Andaman & Nicobar Islands Diary: Elephant & Kalapathar beach

Havelock: Elephant Beach, a hub of water sports and allied activities, is also famous for its coral reefs which can be enjoyed by snorkeling, scuba diving — Rs 3500 on seashore and Rs 5000 from a boat — or by sea walk where you can feed fish. You can also admire corals from a glass boat (Rs 500 pp) or a submarine (Rs 3500 pp).

Water sports are Elephant Beach’s mainstay. There are a number of adrenalin pumping activities like para sailing (Rs 2700 pp), water scooters, banana boat rides, jet skis, etc., for all age groups. Majority of these rides are priced at Rs 600 per person. On health grounds 60 plus and below 12 years of age are not allowed to go for snorkling.

Two-kg oxygen cylinder which lasts for one hour with amateurs is used for scuba diving. Even non-swimmers after a couple of minutes of hand holding by experts can enjoy this form of diving.
Do not worry if you fail to complete any pre-booked activity. Refunds are quick and hassle free.
Elephant beach is reached by a 30-minute boat ride from the Havelock jetty. The boat (Rs 1000 pp round trip) has a capacity of 10 with a crew of two which doubles up as the group’s guide. They are also responsible for patron’s safe return to the shore. Once you are on the beach you are expected to complete rides in three hours and be ready to board the boat for the return journey.
The boat goes past the island whose dark green forest thrusts out of the ocean as one singular seamless unit with its canopy stretching on to miles. The thick green cover is spellbinding, and one feels like a Lilyput in a boat encircling a giant in deep slumber…To say the least it is a surreal site.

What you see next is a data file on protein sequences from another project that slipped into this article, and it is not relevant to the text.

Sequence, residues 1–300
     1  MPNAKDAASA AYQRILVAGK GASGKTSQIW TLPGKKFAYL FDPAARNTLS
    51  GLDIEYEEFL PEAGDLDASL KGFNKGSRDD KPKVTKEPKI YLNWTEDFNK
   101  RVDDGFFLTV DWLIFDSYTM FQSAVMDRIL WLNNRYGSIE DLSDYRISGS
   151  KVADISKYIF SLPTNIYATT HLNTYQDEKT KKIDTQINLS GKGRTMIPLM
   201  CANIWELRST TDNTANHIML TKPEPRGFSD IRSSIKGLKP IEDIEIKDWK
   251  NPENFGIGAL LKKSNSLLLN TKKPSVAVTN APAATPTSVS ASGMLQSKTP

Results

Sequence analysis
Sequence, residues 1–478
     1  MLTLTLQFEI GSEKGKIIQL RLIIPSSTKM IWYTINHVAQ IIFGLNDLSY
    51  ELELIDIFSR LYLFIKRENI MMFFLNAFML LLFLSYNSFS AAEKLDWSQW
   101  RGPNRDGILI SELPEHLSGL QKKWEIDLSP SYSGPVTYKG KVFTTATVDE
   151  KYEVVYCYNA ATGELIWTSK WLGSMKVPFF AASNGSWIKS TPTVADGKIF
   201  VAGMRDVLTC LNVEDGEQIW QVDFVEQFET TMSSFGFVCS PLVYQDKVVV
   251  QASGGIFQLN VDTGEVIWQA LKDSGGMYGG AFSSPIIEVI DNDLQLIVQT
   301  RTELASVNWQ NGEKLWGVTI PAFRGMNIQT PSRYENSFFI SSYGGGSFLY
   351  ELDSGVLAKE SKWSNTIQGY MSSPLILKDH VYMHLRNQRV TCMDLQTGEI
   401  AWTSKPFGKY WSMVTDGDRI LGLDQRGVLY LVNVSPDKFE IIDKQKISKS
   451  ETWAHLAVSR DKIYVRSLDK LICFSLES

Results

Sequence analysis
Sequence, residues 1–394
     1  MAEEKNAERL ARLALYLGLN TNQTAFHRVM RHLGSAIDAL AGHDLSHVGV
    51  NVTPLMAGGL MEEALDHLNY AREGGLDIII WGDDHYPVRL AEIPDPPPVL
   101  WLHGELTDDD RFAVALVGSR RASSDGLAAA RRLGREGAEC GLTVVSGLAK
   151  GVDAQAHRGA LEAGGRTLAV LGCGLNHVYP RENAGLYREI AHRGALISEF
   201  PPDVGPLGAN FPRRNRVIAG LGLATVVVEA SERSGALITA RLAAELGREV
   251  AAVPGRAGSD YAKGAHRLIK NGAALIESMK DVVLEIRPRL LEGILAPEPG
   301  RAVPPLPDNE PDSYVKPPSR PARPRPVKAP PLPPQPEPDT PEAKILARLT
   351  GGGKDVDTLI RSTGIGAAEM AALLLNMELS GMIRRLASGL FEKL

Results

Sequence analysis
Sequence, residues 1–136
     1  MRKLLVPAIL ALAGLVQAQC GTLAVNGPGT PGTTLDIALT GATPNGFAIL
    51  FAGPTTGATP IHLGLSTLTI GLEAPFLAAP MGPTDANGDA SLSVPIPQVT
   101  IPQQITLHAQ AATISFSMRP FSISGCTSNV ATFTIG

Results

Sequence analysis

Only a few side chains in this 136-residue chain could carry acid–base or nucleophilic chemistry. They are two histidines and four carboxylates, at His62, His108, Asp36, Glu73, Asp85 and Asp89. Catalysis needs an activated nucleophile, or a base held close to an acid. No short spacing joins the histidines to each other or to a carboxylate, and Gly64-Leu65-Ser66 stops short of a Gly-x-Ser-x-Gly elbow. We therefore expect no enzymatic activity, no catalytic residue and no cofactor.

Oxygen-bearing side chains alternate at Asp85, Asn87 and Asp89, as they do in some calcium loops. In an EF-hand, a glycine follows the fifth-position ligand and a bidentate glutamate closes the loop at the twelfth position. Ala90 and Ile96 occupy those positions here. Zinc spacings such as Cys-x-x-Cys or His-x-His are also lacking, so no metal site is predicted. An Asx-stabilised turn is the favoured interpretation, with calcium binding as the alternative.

For the young and adventurous there is also an option to go to this beach by trekking through a forest. On way to Radha Nagar Beach is the take-off point for the two km trek to the Elephant Beach. Due to frequent rains the narrow pagdandi (pathway) remains slippery, and coupled with dense foliage of the forest and hilly terrain the option is not advisable if one is on a touch and go visit.

The beach owes its name to captive elephants of the forest department. After being set free in the wild by the department, these elephants started visiting the beach regularly. Hence the name Elephant Beach.

The last attraction of the Havelock is the Kalapathar Beach. A popular sunrise point and a high tide beach is not for swimming. Except for a long strip of white sand, the beach bed is of rocks earning it a sobriquet Kalapathar. In this island of greens lot of drift wood lining the beach is a stark reminder of a life cycle’s completion.

After a restful nighttime to move on to the neighboring Neil Island (Shaheed Dweep).

Sharat Sharma

Sharat Sharma is an indefatigable traveller and explorer from Delhi. For Sharat, age is just a number because what matters is the indomitable will to get moving.

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